Hand Luggage: A Memoir in Verse by P. K. PageHand Luggage: A Memoir in Verse by P. K. Page

Hand Luggage: A Memoir in Verse

byP. K. Page

Paperback | March 1, 2006

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It has become customary in Canada to describe P. K. Page as `distinguished', but that epithet betrays her. P. K. Page is simply too vivacious, too cunning, too elusive, to be monumentalized. She is in fact the supreme escape artist of our literature. Try to confine her in a villanelle and she scampers off into free verse. Peg her as a prose poet and she springs forth with a glosa. Categorize her as a poet who writes fiction but then note that you find very little `poet's prose' in her stories. Her characters are often incised with acid and a cruelly keen burin. She is the shrewdest of observers but at the same time she celebrates life, low and high, in all its manifestations. One of the finest and most distinctive Canadian poets, P. K. Page is no provincial. She is a citizen not merely of the world, but of the earth.

Starting in Calgary in the twenties, the young P K Page discovered first horses and then the pre-Raphaelites in cheap reproductions. In the thirties it was London, then back to the Maritimes and war and the distance of accented radio broadcasts from overseas. In the forties, in Montreal, there was snow as high as a house, cocoa at Murray's on Sherbrooke Street and poems by Frank Scott and Abe Klein read aloud in rented rooms.

In the fifties, marriage to Arthur Irwin and thence to Australia by steamer via Aden, Port Said and Ceylon. Kangaroos and platypus and tea with the wives of diplomats. Perth to Melbourne by train. Alice Springs, Kalgoorli and Ayers Rock. Briefly, New Guinea. Then Brazil, a pet marmoset christened B Fledermouse and drinks with Margot Fonteyn on the beach at Copacobana. From the sublime, to the ridiculous -- an honour guard of mariachis poised to greet John Diefenbaker in the shadow of Popocatepetl. The posting to Mexico was the last.

Her memoir ranges from the trivial – the condition of pipes and wiring in embassy homes – to the profound, her persistent search for spiritual certainty. P. K. Page met many of the dominant figures of the twentieth century, including Nehru, DeGaulle, Mountbatten, Tito and the Kennedys. But above all, she celebrates the senses, the beauty of it all.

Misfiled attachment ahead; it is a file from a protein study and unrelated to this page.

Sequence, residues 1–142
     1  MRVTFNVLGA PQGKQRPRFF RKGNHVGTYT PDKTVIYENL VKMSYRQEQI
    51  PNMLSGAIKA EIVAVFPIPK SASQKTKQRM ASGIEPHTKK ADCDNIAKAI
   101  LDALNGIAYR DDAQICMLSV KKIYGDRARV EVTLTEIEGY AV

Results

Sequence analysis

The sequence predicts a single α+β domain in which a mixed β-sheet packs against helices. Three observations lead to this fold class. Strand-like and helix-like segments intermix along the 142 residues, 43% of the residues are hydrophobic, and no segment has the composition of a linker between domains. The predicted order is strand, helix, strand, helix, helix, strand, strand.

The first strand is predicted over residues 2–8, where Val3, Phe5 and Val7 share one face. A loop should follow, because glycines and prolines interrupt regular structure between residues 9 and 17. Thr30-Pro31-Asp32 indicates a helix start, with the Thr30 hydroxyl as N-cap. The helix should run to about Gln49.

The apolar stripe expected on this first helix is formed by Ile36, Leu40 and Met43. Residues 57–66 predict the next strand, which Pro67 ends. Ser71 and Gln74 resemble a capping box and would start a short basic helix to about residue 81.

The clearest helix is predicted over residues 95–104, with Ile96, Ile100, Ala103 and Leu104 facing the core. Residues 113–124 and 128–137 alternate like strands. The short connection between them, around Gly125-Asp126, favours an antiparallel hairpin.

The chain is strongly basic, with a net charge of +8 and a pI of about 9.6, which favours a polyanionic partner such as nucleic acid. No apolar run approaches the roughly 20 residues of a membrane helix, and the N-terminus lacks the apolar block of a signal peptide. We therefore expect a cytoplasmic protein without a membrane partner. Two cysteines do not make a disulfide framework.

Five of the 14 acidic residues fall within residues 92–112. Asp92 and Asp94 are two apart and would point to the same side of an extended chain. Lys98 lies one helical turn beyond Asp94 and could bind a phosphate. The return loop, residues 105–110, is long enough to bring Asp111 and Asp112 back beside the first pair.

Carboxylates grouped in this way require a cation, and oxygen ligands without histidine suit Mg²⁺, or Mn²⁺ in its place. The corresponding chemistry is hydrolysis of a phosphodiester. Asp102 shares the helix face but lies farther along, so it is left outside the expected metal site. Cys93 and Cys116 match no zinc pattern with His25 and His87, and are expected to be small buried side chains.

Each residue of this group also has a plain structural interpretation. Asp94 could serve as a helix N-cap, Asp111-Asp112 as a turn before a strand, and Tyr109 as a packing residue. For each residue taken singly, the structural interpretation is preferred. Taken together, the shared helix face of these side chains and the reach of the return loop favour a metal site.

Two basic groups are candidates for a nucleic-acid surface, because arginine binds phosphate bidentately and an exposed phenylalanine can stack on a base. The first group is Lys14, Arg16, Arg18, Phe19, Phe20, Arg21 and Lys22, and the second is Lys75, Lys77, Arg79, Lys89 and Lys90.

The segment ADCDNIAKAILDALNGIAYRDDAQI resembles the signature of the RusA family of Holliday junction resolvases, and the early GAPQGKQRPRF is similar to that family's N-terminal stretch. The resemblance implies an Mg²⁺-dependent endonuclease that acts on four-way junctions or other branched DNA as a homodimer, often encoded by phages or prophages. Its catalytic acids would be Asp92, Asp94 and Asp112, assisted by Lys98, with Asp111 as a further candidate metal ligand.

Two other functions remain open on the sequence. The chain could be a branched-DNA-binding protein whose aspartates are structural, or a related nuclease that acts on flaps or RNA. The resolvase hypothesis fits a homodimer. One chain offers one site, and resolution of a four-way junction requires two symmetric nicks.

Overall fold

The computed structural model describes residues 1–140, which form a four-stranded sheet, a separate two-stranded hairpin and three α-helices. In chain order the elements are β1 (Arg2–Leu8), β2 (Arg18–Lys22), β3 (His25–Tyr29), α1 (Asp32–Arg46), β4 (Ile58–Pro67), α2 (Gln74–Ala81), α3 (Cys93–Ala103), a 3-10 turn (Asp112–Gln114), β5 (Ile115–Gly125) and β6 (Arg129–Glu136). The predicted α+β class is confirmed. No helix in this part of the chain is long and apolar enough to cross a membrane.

Towards the end of a long and passionate life, Page shares in a most engaging form the highlights of a life lived to the full.

P. K. Page wrote some of the best poems published in Canada over the last five decades. In addition to winning the Governor General's Award for poetry in 1957, she was appointed a Companion of the Order of Canada in 1999. She was the author of more than a dozen books, including ten volumes of poetry, a novel, short stories, eight books...
Title:Hand Luggage: A Memoir in VerseFormat:PaperbackDimensions:96 pages, 8.76 × 5.59 × 0.41 inPublished:March 1, 2006Publisher:Porcupine's QuillLanguage:English

The following ISBNs are associated with this title:

ISBN - 10:0889842884

ISBN - 13:9780889842885

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From the Author

Hand Luggage, as its sub-title says, is a memoir in verse. The fact that it is different from anything I have previously written, is not surprising. I frequently change formats: poetry, short stories, children's books, a Brazilian memoir. In Hand Luggage, I have changed again. I have used a much more colloquial voice -- verse, in fact. And unlike most of my earlier work, it is bare-facedly about me.I couldn't have written it earlier because my life was still mid-stream. Now, nearly a nonagenarian, I wanted to review my past while I still could. It is by no means exhaustive. Much is omitted, much passed over lightly. The heavy stuff is in the trunks.

Editorial Reviews

`P. K. Page shares with her 17th-century predecessors, such as John Donne, a refusal to separate head and heart. What you hear in her work is the sound of intelligence brought crisply into focus.'